Blender Oat Pancakes

These one step blender oat pancakes (gluten-free and vegan!) came about because I kind of dislike (read; loathe) doing dishes. 

A couple of weekends ago we had a completely free Saturday. No plans! You know what that means?! 

Pancakes! 

I love lazy Saturday mornings, still in my pjs at 11 am, coffee, podcasts and my favourite brunch food; pancakes. 

I gathered all my pancake gear ; bowls, spatulas, measuring cups – and then I had an idea! What if I made the batter sans bowl?! Cue blender. 

This blender oat pancake recipe is revolutionary! 

Everything is made in one step in the blender!

One step, fewer dishes and less time! 

The recipe is so easy and pouring the batter from the blender container allows for less mess and no fiddling with spoons and ladles.

Not only are these gluten free pancakes quick, easy and convenient, we’re cutting corners without sacrificing any of the nutrition.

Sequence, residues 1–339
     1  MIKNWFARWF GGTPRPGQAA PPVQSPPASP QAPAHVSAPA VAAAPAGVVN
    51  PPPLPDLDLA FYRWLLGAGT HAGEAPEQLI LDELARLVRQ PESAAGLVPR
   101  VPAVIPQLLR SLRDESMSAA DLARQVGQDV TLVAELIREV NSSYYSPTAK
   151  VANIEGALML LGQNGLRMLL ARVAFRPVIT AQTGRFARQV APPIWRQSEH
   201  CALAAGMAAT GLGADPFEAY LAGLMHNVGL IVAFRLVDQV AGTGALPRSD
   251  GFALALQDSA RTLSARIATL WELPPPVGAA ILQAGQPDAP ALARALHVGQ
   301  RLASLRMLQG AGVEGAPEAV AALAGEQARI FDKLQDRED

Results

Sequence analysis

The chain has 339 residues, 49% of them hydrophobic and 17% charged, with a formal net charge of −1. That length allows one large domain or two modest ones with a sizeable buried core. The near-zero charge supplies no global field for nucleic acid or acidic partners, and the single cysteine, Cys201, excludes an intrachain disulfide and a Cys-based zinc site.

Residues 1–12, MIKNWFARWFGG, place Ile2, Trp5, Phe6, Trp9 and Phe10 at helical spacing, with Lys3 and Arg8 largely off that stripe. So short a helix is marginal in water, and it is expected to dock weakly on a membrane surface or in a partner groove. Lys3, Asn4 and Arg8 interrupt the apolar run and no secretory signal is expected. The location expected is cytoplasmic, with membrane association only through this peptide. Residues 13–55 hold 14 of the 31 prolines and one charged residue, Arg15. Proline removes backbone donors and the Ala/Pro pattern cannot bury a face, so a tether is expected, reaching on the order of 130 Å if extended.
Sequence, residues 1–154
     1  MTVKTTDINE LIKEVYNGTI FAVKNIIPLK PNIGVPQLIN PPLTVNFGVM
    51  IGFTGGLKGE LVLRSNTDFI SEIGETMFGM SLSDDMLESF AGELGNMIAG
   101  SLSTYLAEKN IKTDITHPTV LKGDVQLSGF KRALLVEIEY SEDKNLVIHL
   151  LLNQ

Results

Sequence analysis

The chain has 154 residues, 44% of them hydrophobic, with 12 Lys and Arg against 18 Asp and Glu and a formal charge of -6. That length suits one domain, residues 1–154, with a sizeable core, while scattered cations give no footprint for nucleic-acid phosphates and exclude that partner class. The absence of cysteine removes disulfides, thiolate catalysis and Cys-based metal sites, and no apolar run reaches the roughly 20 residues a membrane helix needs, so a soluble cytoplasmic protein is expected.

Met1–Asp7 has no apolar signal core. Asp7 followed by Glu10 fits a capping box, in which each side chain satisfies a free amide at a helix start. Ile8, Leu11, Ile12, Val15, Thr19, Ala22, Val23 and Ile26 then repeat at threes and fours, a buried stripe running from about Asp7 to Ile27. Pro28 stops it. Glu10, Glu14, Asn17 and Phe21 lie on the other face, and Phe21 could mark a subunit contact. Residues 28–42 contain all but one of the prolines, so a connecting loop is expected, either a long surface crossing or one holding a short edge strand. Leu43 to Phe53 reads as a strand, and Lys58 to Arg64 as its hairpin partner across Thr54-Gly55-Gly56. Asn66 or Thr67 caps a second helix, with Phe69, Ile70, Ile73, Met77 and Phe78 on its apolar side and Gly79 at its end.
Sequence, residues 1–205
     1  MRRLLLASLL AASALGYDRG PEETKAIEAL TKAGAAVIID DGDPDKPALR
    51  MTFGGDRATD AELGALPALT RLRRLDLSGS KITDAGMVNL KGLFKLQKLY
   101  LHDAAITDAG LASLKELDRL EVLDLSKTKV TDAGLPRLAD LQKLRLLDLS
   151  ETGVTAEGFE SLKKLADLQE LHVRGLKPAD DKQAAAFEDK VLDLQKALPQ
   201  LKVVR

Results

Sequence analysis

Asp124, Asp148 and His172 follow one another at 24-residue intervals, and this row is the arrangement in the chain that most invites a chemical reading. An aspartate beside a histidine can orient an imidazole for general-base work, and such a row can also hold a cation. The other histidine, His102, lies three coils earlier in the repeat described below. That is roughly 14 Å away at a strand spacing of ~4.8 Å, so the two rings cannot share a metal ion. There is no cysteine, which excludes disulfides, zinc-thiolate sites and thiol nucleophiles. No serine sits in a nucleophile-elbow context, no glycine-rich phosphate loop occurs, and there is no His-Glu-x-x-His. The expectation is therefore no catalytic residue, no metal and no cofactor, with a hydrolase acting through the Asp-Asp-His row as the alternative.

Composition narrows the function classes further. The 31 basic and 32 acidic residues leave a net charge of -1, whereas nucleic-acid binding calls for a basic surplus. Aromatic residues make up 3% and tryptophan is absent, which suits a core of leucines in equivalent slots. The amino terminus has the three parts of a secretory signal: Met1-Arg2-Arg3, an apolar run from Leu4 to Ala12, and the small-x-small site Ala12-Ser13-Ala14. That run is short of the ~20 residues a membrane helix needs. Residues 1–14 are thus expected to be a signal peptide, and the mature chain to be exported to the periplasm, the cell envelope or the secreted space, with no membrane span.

It’s also pretty versatile. I made this version with oats, but I tried it again with buckwheat and it was equally delicious! You could get really crazy and add different berries to the batter to get different colour pancakes. Kiddos would have a blast with this!

I smothered these blender oat pancakes with some Almond Butter Caramel from The Plant-Based Cookbook and topped them with whatever fresh fruit I had on hand.

It was so dreamy and delicious! And only a handful of dishes! 

These pancakes freeze great too! Layer them in a freezer safe container and separate the layers with parchment. When you want to reheat, just pop them in the oven or even the toaster!